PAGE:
Acciona and Danish wind power and energy storage developer Ørsted won plaudits for conducting environmental impact and life cycle assessments for all their projects with the former having committed to a timetabled effort to reduce gender pay differences and with Ørsted, which also has a solar operation, having pledged a timed transition to an all-renewable generation portfolio.

A spokesperson for Iberdrola told pv magazine: “Our human rights policy is at the core of our business. It has been designed to respect international standards with the advice of independent experts and is constantly evolving. The policy was enhanced again in April 2020. External analysis is very important to us. This is a new benchmark and we were fully engaged with the researchers, actively collaborating during the drafting period. We will now review the findings of this sector report very carefully.”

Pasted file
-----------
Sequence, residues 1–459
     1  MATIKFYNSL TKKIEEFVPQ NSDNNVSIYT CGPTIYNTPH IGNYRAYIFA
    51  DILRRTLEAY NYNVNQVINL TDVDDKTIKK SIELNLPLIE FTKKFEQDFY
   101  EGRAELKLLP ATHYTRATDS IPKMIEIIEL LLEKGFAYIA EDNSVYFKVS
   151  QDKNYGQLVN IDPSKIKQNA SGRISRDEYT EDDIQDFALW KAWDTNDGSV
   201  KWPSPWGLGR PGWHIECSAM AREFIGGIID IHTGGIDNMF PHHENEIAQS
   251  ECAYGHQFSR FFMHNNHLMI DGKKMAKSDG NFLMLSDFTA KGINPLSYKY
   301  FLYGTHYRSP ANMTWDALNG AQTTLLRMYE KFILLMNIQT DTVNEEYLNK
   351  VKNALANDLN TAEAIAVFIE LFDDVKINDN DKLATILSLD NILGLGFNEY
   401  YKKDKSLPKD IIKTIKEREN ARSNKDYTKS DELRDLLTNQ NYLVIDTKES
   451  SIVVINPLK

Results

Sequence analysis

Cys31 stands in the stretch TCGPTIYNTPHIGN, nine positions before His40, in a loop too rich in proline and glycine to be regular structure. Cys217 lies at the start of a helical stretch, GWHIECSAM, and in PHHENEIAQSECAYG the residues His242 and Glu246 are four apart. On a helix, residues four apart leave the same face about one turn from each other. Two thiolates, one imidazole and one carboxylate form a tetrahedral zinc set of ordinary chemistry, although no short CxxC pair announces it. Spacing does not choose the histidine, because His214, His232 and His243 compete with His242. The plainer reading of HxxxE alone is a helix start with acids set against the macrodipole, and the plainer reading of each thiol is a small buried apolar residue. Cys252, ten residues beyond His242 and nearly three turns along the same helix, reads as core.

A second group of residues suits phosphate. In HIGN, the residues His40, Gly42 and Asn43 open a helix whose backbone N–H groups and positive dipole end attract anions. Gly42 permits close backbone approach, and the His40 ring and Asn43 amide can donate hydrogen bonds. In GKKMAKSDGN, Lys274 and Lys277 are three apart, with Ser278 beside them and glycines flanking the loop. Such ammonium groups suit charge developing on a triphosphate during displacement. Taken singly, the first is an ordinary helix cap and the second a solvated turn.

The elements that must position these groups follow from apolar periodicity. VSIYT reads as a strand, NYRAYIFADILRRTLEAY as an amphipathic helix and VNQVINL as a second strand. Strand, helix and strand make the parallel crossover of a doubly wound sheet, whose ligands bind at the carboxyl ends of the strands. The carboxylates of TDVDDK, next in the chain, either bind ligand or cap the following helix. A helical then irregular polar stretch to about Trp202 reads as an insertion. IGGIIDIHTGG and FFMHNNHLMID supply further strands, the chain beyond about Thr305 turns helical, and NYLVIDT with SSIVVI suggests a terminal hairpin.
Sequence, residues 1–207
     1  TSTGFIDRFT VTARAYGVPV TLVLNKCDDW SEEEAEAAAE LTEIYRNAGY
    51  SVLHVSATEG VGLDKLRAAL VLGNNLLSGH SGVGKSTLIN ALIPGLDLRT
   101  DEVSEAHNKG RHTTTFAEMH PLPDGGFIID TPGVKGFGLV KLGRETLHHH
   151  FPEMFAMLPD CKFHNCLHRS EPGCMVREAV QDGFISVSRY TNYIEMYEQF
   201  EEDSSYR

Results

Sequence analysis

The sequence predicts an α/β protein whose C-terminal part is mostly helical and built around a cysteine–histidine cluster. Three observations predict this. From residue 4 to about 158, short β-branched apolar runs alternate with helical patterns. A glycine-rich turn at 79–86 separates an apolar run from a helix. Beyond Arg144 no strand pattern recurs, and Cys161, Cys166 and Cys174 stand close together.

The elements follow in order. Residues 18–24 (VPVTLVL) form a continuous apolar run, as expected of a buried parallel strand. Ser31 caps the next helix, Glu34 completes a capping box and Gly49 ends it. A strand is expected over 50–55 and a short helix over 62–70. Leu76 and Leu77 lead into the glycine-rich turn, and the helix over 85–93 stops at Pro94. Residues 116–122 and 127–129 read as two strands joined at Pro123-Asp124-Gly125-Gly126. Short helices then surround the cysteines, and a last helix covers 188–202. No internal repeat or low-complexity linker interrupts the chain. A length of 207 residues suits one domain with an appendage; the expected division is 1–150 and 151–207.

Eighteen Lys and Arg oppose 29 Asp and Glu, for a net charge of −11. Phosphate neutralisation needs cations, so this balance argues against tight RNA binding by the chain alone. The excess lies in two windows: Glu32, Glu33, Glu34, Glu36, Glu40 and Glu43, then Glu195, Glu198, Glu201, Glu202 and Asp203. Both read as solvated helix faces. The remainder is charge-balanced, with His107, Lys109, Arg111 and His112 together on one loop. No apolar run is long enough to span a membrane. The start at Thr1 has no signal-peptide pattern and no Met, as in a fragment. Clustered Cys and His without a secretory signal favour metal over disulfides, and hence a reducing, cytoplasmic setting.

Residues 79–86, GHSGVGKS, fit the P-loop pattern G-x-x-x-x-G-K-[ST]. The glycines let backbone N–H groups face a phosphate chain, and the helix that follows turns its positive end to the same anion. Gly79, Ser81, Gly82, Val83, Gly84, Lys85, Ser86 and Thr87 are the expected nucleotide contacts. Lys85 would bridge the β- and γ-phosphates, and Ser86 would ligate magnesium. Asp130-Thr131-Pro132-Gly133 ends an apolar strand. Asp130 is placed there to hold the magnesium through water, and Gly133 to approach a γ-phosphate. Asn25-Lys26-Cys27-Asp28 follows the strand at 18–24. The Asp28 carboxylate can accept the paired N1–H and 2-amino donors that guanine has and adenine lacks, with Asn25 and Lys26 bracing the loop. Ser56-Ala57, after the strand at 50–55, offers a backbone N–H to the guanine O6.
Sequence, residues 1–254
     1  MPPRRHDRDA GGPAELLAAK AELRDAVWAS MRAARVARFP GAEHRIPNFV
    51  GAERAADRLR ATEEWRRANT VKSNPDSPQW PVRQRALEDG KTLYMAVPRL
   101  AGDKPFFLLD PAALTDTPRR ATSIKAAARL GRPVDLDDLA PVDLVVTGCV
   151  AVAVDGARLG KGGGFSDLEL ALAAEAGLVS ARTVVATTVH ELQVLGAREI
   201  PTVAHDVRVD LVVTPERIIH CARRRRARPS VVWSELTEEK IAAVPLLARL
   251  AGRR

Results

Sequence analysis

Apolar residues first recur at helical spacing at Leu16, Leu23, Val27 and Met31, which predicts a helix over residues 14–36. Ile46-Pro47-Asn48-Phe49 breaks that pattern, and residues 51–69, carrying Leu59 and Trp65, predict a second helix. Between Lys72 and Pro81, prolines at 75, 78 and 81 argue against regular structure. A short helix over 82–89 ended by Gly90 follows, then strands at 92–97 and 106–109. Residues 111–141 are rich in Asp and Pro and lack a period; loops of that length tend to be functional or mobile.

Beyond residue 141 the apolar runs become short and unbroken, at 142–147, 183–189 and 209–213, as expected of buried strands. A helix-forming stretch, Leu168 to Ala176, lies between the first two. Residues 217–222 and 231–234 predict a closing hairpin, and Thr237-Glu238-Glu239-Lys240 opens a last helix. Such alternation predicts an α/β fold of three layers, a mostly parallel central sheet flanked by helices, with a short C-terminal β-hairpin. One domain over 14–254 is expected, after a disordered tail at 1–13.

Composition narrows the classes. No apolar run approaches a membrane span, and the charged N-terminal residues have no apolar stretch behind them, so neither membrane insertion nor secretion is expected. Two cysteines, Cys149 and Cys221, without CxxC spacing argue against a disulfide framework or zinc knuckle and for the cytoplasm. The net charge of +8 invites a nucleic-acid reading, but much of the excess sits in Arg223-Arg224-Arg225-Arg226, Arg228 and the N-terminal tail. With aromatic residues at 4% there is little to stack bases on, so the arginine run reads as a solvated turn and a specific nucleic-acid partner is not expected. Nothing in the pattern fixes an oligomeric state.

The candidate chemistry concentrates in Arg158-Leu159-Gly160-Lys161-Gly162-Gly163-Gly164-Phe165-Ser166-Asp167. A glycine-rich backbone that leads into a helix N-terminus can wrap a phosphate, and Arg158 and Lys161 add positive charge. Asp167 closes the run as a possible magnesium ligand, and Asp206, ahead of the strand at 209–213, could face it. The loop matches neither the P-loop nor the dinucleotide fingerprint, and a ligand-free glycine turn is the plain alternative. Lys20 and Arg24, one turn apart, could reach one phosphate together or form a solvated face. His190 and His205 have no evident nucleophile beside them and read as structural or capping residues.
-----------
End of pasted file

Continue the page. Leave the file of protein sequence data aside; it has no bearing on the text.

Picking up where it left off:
An Ørsted representative said the company “is committed to respecting human rights in the transition from black to green energy. This is why we for several years have aligned our human rights work with the UN guiding principles on business and human rights. This includes identifying and mitigating the risks that are most significant or salient in our operations and supply chain and reporting on performance. As we expand our business to new markets, we will continue to adapt our human rights approach to ensure that it corresponds with the human rights risks that we face including, for instance, on indigenous people, when respect for their rights represents a salient issue.

“We value the work done to benchmark renewable energy companies for the first time and we look forward to applying insights from the analysis to further mature our human rights approach.”